The classic question of “Nature vs. Nurture” is an interesting one. Clearly, both genetics and the environment have a strong impact on a child’s nature, habits and traits, although researchers haven’t nailed down exactly how much can be attributed to one over the other. But one thing is for sure: Children mimic their behaviors after what they see the people around them doing. That includes the way they take care of their teeth and gums, and even how they feel about visits with a family dentist in Scarborough! Keep reading to learn how children are impacted by the “nature and nurture” of their families and how you can set the stage for them to have the best oral health possible.
Since children want to do everything you do, one of the best ways to instill good brushing and flossing habits is to do reasonably well with it yourself. Depending on the age of your children, one helpful tip is to head into the bathroom together each night and floss your teeth while they’re brushing.
This accomplishes several things at once: You make sure they’re getting the job done right, they see you flossing, and you also have a chance to take great care of your own teeth and gums. Even if you can only do this a few times a week, it instills the idea that flossing is simply a normal part of the hygiene routine.
Diet and Nutrition
Researchers have found that nutritional habits are mostly learned – including what, how much and how often people eat. Here are some great ways to instill good dietary habits in your child:
- Eat small meals and snacks 4-5 times a day instead of 2-3 large meals
- The foundation of snacks should be protein, healthy fat and fiber
- Make sweet foods and beverages treats instead of daily indulgences
- Avoid juice, which is mostly sugar – choose whole produce instead
Fear of the Dentist
Children can easily “absorb” fear of the dentist from another family member. If they regularly see a parent or sibling who’s nervous or fearful before dental visits, they’ll pick up the idea that it’s a scary place to avoid at all costs!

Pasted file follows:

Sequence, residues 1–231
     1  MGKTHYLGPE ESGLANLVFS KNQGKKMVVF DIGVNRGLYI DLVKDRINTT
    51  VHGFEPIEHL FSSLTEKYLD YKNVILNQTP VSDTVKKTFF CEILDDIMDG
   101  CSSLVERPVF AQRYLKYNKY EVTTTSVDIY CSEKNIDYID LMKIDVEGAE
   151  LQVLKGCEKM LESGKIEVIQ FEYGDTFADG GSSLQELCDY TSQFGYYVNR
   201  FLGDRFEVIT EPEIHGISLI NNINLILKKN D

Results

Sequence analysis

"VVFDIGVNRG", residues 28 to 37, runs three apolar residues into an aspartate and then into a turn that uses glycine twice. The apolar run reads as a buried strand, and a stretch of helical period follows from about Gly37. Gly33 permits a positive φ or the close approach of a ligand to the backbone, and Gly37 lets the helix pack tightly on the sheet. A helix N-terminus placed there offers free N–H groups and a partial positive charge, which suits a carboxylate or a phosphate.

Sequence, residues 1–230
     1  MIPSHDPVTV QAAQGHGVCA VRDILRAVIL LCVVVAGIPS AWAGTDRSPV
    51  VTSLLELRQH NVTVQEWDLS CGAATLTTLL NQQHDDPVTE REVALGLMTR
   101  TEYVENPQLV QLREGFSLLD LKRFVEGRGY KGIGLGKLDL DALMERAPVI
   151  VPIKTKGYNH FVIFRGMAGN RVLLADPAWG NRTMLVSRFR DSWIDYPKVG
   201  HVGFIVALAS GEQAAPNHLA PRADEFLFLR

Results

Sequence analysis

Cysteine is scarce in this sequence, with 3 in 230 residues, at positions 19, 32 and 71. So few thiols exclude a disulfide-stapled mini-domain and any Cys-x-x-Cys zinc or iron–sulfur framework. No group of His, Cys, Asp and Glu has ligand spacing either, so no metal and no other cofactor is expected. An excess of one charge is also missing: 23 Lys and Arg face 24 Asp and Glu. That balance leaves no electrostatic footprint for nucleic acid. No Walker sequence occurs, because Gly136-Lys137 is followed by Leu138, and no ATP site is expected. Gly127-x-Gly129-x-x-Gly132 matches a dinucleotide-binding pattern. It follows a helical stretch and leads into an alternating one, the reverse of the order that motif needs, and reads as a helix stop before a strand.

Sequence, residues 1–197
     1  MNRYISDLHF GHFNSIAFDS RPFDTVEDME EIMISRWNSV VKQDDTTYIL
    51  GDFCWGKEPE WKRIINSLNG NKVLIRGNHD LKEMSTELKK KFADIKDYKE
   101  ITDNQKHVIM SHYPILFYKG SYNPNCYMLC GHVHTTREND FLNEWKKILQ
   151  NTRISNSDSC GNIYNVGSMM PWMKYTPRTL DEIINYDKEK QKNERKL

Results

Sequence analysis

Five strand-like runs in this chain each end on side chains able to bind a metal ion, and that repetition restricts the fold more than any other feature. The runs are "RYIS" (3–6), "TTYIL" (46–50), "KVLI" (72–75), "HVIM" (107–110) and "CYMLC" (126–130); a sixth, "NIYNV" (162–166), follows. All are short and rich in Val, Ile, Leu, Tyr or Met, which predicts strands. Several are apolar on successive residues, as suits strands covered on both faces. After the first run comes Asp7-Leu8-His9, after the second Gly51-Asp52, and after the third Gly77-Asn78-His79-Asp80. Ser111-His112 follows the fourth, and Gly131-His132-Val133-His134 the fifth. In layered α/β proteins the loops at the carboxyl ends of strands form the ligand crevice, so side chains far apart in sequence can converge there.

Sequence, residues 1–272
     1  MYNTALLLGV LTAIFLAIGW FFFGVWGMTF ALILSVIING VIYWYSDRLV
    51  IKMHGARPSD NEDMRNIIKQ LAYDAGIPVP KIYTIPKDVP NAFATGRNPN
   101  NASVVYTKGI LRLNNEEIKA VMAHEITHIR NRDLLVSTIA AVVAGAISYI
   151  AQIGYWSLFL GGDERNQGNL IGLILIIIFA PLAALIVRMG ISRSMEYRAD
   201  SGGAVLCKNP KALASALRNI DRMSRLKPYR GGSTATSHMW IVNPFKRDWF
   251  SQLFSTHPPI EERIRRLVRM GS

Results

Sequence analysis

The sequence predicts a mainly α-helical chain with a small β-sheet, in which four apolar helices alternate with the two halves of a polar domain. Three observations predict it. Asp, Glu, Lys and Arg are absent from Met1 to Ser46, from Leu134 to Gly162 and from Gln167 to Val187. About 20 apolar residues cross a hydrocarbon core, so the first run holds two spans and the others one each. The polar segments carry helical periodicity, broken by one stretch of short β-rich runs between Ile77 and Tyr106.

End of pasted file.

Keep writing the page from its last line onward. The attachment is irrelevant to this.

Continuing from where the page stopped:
Also, when you’re talking to your child about their visits to the dentist, try not use phrases like, “Don’t be scared, you’ll be okay,” or “It’s alright, I’ll be there the whole time.”
Children don’t have preconceived notions that the dentist is scary, so these phrases can make them wonder why they would need reassurance in the first place!
Just like your children can inherit your curly hair or brown eyes, they can also inherit dental conditions like crowded teeth, missing teeth or enamel defects. Clearly, this is something that’s beyond your control, but by establishing regular dental care early on, these conditions can be diagnosed and managed as early as possible.
It’s clear that good oral health is a family affair. With these guidelines, you can help everyone in your family have a healthy smile for life!
About the Author
As a family dentist in Scarborough, Dr. Samantha Amaro knows that educating parents lays a foundation of good oral health for the whole family. If you have any questions, she’s always happy to discuss ways for both children and their parents to take great care of their teeth and gums. She can be reached via her website or at (416) 285-4545.